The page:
Numerous reports have been done looking into the
use and history of the Private Finance Initiative. We have not
attempted to do a definitive study of PFI; instead we have aimed
to provide a piece of work, relevant for likely early changes
in policy, in timely fashion. We hope that this Report will aid
the Treasury in the work they are doing to reform PFI, which they
are expected to report on in the autumn.
Private finance has always been more expensive than
government borrowing, but since the financial crisis the difference
between the costs has widened significantly. The cost of capital
for a typical PFI project is currently over 8%double the
long term government gilt rate of approximately 4%. The difference
in finance costs means that PFI projects are significantly more
expensive to fund over the life of a project. This represents
a significant cost to taxpayers.
We have not seen clear evidence of savings and benefits
in other areas of PFI projects which are sufficient to offset
this significantly higher cost of finance. Evidence we studied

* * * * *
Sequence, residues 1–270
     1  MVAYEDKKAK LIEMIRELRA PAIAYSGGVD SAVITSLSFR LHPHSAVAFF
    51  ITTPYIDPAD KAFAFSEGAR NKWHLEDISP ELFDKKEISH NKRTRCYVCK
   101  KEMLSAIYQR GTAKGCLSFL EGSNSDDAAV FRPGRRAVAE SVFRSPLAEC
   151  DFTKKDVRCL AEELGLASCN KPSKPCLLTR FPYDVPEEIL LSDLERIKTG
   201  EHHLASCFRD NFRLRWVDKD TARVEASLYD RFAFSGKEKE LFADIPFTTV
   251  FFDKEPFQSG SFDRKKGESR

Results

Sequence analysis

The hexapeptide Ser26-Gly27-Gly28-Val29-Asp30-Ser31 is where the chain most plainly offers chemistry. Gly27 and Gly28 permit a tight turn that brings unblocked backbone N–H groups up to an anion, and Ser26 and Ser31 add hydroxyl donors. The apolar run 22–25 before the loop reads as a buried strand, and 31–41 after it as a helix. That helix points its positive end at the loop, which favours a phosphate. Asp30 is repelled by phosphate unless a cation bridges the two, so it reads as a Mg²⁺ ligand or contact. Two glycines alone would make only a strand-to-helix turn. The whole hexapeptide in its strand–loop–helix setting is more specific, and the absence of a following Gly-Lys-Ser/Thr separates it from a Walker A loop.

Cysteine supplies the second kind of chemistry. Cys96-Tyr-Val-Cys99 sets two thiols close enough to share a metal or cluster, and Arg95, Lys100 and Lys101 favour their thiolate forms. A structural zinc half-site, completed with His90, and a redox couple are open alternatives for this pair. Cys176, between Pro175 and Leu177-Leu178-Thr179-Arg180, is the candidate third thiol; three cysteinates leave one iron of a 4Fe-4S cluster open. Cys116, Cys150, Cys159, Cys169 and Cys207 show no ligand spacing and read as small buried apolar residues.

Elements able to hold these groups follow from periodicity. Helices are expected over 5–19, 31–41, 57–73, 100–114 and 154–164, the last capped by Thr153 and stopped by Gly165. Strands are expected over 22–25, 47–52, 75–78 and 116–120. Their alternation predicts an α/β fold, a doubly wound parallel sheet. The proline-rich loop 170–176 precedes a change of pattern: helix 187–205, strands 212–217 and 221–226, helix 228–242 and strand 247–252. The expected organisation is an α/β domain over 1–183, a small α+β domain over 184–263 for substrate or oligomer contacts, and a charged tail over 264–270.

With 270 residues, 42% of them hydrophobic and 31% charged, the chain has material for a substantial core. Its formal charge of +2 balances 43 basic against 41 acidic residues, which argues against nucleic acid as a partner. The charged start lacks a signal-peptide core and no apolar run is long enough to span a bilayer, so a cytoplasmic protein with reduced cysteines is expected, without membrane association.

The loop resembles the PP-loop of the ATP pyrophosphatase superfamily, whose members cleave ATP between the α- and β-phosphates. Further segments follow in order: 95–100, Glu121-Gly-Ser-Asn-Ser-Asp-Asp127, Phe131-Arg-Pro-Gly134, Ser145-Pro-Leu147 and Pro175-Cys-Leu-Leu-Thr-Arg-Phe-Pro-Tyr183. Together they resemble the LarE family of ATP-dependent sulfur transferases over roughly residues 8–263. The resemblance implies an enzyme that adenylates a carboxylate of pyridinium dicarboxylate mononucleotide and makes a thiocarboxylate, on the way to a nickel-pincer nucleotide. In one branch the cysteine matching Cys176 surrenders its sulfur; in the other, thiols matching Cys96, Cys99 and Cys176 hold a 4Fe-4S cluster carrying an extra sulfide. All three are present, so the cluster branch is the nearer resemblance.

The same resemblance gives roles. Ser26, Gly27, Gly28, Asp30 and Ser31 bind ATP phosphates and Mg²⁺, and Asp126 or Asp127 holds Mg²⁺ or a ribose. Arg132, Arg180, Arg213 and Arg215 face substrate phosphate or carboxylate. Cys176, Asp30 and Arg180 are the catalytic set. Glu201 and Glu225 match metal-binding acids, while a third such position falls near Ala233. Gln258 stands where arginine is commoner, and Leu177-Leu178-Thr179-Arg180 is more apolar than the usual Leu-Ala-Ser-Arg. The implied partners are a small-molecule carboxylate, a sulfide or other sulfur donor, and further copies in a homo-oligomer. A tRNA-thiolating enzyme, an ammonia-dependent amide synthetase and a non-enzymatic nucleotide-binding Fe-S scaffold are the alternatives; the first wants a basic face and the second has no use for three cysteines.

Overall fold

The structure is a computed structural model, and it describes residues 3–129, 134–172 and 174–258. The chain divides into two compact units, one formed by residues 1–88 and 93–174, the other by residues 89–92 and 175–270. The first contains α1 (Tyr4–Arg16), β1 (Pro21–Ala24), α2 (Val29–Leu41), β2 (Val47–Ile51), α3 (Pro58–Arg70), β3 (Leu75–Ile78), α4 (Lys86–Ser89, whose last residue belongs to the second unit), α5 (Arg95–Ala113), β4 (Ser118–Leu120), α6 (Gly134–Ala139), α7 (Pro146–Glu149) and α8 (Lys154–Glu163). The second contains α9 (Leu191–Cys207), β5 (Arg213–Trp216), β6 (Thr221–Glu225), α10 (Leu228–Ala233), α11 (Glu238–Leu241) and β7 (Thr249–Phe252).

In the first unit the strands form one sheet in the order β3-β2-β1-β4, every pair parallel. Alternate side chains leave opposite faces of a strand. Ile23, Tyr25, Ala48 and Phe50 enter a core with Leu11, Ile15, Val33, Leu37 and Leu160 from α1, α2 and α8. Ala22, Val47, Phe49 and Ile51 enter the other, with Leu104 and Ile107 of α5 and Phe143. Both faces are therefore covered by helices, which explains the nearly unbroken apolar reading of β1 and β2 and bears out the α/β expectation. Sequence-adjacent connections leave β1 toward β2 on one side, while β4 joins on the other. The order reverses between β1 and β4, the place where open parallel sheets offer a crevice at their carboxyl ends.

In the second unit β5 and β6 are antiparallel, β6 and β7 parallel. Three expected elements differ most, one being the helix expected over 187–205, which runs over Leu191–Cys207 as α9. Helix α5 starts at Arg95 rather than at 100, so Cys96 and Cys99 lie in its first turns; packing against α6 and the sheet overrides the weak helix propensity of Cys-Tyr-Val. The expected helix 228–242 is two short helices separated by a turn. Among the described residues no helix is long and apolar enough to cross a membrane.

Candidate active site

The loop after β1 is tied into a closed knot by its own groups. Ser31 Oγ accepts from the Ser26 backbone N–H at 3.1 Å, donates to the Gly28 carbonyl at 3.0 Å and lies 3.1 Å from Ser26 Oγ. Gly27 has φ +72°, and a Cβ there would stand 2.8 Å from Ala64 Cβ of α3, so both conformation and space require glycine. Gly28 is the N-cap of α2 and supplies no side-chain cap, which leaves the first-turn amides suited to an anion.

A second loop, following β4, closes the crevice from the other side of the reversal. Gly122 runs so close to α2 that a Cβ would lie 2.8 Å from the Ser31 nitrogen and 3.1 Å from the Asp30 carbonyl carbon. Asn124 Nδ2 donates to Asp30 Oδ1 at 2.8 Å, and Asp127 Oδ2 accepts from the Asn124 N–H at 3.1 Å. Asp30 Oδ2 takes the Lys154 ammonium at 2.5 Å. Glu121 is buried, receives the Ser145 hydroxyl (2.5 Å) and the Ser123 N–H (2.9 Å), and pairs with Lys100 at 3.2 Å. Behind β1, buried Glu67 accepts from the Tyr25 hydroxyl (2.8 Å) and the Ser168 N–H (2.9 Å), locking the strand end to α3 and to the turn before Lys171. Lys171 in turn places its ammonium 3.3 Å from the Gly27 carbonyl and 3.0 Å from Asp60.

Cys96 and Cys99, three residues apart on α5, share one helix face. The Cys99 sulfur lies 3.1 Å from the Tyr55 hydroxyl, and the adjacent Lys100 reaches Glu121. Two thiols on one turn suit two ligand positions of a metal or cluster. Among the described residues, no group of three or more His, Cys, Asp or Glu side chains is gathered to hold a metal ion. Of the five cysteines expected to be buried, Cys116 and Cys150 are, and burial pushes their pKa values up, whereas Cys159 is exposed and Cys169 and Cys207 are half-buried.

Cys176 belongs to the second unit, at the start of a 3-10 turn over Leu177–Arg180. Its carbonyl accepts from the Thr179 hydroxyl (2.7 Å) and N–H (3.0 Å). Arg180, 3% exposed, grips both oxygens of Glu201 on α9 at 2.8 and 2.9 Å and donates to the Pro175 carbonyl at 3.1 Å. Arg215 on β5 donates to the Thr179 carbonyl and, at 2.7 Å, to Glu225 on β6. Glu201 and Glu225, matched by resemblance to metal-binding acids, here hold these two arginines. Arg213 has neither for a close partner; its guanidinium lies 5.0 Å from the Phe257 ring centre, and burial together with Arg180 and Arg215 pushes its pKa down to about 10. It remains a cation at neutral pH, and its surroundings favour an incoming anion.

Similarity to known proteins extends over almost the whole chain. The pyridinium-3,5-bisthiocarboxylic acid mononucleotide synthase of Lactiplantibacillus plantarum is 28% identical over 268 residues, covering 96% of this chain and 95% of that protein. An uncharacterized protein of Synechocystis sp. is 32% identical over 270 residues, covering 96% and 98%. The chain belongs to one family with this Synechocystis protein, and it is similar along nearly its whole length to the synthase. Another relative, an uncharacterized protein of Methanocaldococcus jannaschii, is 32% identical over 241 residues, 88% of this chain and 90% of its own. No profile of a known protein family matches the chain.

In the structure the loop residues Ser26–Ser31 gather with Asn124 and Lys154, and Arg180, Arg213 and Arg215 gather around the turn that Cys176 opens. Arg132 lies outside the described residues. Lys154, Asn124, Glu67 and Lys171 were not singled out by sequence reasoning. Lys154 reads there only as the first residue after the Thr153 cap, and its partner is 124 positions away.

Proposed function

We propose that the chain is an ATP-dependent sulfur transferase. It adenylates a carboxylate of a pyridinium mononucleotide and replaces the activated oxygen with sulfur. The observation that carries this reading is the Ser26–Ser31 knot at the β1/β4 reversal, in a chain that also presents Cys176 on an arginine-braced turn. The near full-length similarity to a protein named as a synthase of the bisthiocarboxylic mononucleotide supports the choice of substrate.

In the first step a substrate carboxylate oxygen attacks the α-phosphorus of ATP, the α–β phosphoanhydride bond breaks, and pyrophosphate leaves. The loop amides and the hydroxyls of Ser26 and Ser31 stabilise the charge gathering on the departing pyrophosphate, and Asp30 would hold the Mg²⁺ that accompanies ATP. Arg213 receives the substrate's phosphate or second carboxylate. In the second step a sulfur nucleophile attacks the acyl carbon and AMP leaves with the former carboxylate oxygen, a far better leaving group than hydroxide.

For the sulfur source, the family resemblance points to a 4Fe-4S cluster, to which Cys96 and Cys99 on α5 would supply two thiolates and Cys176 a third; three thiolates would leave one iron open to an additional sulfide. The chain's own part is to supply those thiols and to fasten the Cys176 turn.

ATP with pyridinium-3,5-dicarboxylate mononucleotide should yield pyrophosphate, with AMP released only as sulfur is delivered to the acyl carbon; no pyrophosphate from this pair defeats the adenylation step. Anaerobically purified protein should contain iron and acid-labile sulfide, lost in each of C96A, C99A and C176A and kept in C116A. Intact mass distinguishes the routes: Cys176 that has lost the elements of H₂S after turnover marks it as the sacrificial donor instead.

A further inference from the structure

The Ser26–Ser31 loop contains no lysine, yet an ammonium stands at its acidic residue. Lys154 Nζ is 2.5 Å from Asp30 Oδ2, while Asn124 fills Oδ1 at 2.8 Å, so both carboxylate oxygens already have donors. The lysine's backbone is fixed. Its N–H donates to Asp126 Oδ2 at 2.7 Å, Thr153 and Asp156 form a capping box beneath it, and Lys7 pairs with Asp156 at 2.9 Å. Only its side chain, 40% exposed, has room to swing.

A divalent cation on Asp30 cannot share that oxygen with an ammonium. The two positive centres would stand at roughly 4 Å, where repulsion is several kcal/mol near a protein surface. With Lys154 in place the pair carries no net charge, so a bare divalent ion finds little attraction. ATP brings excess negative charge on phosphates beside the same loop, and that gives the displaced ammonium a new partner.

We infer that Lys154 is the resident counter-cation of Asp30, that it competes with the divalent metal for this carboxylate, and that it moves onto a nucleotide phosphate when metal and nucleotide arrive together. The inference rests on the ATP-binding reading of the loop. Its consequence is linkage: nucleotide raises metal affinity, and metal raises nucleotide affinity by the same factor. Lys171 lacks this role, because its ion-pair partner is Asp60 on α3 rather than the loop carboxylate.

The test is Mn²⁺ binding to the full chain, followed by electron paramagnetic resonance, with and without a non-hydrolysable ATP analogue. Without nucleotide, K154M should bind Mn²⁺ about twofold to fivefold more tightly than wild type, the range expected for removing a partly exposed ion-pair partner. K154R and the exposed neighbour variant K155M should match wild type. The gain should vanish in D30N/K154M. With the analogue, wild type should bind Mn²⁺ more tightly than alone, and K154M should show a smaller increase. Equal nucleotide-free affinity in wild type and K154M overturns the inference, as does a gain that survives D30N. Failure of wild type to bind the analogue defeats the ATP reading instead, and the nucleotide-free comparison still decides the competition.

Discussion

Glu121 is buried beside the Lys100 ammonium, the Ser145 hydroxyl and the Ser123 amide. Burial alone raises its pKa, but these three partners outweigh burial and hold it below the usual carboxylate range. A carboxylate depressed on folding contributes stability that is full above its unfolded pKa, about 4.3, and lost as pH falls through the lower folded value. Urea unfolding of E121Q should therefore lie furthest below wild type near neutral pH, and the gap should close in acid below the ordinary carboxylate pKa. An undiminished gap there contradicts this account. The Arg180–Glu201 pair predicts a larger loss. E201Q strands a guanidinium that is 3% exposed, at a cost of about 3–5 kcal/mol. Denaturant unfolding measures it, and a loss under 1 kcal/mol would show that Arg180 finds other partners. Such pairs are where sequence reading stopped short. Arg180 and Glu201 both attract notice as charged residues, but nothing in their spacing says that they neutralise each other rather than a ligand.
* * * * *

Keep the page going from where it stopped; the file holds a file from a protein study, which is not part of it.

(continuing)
suggests that the out-turn costs of construction and service provision
are broadly similar between PFI and traditional procured projects,
although in some areas PFI seems to perform more poorly. For example
we heard that design innovation was worse in PFI projects and
we have seen reports which found out that building quality was
of a lower standard in PFI buildings. PFI is also inherently inflexible,
especially for NHS projects. This is in large part due to the
financing structure and its costly and complex procurement procedure.
There remain significant incentives to use PFI which
are unrelated to value for money:
- The majority of PFI debt still does not appear
in government debt or deficit figures;
- Government departments can use PFI to leverage
up their budgets without using their allotted capital budgetthe
investment is additional and not budgeted for.
These incentives unrelated to value for money need
to be removed. Stricter rules and guidelines governing the use
of PFI must be introduced. In our view PFI is only likely to be
suitable where the risks associated with future demand and usage
of the asset can be efficiently transferred to the private sector.
We recognise that this may, over time, sharply reduce the aggregate
value of PFI projects but the higher cost of capital that remains
will be easier to justify to the taxpayer. For reasons discussed
in this Report the Government should be looking to use PFI as
sparingly as possible until the VfM (Value for Money) and absolute
cost problems associated with PFI at present have been addressed.
Consideration should be given to using more direct capital investmentthis
will not directly affect the fiscal mandate as it is borrowing
for investment, not for current spending.